If we imagine what it would be like to be in a constant state of happiness, most of us would envision it as ‘enjoying every moment to its fullest’. Now, if we think about ‘enjoying each moment to its fullest’, even the happiest people do many of the things which the ‘ordinary’ people do each and every day. Remember, ‘ordinary’ or otherwise, we are more similar with each other than not.
Much of our daily regimen would not change, even if we won the financial and emotional lotteries. We’d still be getting up, eating, and so on. By simple logic then, we can see that much of the time we would have the same opportunity to be as happy as the people we imagine to be happy all the time.
We know that many people who are much better off than the ‘ordinaries’ in financial terms are not happy campers at all! What does it take to be one of those individuals who can transgress the ‘ordinary’ life into one of continuous joy? If it’s not money, if it’s not circumstances, what is it? Even good health is not enough to keep some people in a constant state of joy, is it?
Well, aside from the awareness of giving oneself the greatest opportunity to learn, to be healthy, grateful and sociable, it takes an inner appreciation of life and the world around us. I call this Found Beauty.
Found Beauty is something given to me by Mom. Back then, I was eleven years old and I thought it was a dreary rainy afternoon; shivery, cold, wet and dim. I bemoaned these thoughts and she came back her typical smile and happily said, “No, that’s your thoughts about it; the trees and plants like it, the birds and animals like it, the people that ski like it!”
I began validating my displeasure with the day though she continued, “Come here, by the window … look at the branch, what do you see?” Well, that was easy. I told her I saw a droopy, wet branch with a grey sky behind it. She said, “Look at the end of the branch, right where the water droplet has formed. If you move this way then that you can see it glisten. If you look even closer you can see the front yard upside down in miniature. The droplet is brighter than it really is outside”. Now, I wanted to go outside to look even closer. I put on my jacket and boots and eagerly marched out the door to investigate. When I came back in, I evolved; my lousy day had just turned into a memorable day just by looking closer, it changed my perspective, I was looking for the good… ah, found beauty.
I’ve lived many years with this awareness Mom gave me. Often, when unhappiness wants to overtake my mood I think, “Where’s the good? What is joyful about this?” By simply asking myself those questions my mind addresses the query and begins to look for the good. Our subconscious pays attention to what we think about and acts on those thoughts, with purpose.
It’s been decades since my early lesson in finding beauty and now I must admit that even I am still amazed sometimes at how the question ‘where is the good?’ always seems to have a good answer, we simply have to look close enough … just like the water droplet. Someone once asked me, “OK, where’s the good in your mother passing away?” I thought for less than a heart beat and remembered the times she would say to me “It’s not how long you live; it’s more about how you enjoy each and every moment.” Obviously, the good was that indeed she did live, and loved living. She lived gloriously. I then remembered so many happy times, the joys of family life … before I knew it I was beaming and bingo! … Found Beauty.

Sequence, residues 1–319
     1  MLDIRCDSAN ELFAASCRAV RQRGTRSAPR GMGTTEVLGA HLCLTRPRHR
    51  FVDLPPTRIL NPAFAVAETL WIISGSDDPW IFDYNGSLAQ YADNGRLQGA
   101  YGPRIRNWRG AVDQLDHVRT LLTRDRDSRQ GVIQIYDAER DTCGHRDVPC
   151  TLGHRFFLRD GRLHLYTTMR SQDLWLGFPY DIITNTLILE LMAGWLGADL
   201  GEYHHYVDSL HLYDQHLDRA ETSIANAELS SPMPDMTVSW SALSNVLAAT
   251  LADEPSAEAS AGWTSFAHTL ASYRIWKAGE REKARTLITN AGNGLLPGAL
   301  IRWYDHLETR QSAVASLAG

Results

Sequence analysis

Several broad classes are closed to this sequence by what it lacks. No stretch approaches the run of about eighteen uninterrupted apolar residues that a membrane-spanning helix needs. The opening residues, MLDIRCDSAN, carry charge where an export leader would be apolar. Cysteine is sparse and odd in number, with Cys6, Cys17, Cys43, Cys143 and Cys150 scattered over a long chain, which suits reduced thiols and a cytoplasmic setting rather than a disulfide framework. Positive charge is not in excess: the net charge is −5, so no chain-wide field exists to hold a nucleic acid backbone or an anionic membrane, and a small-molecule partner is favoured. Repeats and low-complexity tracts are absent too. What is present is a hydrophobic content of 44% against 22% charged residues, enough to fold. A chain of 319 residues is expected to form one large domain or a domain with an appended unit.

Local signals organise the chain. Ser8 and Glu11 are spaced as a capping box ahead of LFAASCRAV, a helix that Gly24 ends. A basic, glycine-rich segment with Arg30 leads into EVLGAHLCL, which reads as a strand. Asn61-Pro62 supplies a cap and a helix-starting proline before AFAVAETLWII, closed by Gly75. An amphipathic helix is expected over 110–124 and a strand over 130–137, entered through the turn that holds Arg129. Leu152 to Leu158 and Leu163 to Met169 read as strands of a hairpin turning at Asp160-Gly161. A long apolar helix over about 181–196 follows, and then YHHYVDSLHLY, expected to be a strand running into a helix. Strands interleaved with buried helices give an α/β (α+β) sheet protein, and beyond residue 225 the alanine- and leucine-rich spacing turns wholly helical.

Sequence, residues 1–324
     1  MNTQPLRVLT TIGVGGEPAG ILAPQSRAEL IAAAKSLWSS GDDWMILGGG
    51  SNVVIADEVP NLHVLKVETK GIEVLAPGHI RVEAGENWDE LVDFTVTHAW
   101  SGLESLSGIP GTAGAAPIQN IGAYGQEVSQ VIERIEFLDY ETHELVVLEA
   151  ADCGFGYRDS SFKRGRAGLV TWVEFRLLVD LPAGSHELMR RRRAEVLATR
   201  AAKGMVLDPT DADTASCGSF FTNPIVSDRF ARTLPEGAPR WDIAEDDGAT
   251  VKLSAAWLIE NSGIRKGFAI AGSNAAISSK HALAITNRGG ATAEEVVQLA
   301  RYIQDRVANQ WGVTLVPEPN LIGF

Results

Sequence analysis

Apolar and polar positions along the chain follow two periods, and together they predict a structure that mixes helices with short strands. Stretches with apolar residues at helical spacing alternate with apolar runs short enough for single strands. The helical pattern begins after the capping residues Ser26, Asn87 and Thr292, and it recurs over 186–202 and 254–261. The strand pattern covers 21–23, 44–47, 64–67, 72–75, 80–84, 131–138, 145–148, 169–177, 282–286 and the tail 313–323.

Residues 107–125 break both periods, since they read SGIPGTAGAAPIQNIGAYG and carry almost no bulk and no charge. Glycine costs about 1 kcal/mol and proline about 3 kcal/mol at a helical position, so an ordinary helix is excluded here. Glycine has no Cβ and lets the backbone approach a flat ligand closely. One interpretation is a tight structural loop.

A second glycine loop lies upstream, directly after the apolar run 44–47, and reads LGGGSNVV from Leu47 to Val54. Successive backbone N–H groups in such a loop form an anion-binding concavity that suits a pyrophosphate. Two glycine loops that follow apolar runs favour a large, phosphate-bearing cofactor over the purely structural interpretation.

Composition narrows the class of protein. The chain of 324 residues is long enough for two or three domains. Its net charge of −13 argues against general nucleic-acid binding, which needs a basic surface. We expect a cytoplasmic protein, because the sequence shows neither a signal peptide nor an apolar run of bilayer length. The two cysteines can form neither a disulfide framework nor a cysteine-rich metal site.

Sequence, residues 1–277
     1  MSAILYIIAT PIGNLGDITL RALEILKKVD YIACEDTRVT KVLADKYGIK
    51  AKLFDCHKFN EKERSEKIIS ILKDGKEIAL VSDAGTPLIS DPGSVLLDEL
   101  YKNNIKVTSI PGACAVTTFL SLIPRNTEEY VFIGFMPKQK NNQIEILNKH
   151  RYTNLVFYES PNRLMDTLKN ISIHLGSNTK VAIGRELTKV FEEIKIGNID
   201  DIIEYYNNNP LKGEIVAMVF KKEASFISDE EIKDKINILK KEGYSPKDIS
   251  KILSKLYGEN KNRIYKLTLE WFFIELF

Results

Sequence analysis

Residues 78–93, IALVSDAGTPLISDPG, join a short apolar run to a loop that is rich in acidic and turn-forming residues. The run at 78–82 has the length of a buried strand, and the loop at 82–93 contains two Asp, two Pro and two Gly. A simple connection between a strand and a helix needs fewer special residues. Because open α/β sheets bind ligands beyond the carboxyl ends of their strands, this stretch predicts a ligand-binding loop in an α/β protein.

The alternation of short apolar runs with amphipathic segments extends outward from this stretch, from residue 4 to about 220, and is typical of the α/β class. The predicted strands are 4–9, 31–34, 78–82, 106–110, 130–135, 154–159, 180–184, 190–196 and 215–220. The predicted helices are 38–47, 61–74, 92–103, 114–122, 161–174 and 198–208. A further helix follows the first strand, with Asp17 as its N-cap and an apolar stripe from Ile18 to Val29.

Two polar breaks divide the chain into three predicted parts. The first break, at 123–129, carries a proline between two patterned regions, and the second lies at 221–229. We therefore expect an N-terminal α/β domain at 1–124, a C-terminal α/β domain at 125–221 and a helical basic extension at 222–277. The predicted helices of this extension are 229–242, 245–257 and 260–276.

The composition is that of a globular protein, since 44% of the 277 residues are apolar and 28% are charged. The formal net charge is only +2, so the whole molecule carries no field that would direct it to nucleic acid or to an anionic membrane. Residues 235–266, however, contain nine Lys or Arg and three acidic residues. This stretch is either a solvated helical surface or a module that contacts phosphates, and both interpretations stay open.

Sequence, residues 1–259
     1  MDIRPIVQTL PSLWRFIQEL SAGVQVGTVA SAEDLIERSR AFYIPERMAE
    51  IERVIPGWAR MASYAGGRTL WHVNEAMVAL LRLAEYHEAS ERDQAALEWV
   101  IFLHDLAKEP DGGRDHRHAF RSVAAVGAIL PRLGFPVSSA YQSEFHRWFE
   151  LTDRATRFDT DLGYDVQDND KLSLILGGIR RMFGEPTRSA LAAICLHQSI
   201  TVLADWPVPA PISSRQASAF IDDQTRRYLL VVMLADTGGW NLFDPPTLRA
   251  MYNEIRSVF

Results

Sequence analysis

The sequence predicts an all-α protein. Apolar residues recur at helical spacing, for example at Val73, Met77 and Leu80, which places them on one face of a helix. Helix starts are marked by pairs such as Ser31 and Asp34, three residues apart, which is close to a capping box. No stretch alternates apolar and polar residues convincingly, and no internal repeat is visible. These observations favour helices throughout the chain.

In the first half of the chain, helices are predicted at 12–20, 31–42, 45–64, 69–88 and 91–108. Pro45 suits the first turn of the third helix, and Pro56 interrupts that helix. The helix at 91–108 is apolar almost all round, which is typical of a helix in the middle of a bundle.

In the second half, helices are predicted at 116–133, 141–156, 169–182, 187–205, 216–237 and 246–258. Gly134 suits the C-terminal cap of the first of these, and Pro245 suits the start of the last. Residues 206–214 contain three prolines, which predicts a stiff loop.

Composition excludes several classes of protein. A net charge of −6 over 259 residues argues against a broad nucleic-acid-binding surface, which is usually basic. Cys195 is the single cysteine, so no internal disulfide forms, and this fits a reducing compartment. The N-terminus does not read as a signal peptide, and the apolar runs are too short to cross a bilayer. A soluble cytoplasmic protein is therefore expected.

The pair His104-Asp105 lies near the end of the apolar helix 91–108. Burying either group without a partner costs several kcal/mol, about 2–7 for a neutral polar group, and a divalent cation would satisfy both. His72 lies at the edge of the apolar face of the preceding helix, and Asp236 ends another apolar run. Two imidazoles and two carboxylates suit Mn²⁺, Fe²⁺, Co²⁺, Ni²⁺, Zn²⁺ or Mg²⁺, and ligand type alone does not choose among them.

Today, I photograph Found Beauty. Through the lens I have allowed myself to find and see things. I realize wonderment often finding beauty in the world around me. Others see an ugly rusted wheel rim; I find the colorful dandelions growing through the middle, weed and wheel composing their own beauty. Others see spilt oil on the ground; I see a brilliant, detailed reflection of the sky within the black spill. If we choose to clean up the spill, we can find beauty in the result. Finding Beauty just doesn’t have to stop, ever.
Found Beauty works with any and all situations. If you can’t afford to go inside the Art Museum, find the beauty in the building itself. You see, you must be the willing one.
The best thing is this: Found Beauty is therapeutic for every level of the human experience. The more beauty you look for, the more you’ll find. Beauty can be found in any or all situations, things or thoughts. It is a Right of Life; heck, it’s even tax free!
Found Beauty reduces stress. A mind that looks for Found Beauty will be in a state of gratefulness more often and will tend to drift toward pleasant thoughts when idle. With a relaxed mind our health is demonstrably better, we sleep sounder and we enjoy life more … isn’t that what we want?
A pessimistic mind tends to look for reasons why it can’t; it will find problems. When that mind is idle, it finds problems - automatically, trained habit. The owners of these minds often say, “I can’t help it, these thoughts just come”. Don’t you believe it! It’s about what you condition yourself to find in life’s situations. A gold miner does not find gold because he is a gold miner; it is because he is actively pursuing gold, using all his knowledge to maximize the chances of finding the gold.
So too is it with your life. Will you have the ‘Golden Years’? Will you become one of the ‘lucky’ ones? Don’t wait to win a lottery; Found Beauty is there for everybody, just like the gold has been there for everybody. The difference is the ones that find gold are the ones that were looking for it. Become aware of the power of your thoughts. Live the gift of Found Beauty. It’s everywhere, in abundance.
Thanks Mom! Shine On.
Jos Van Poederooyen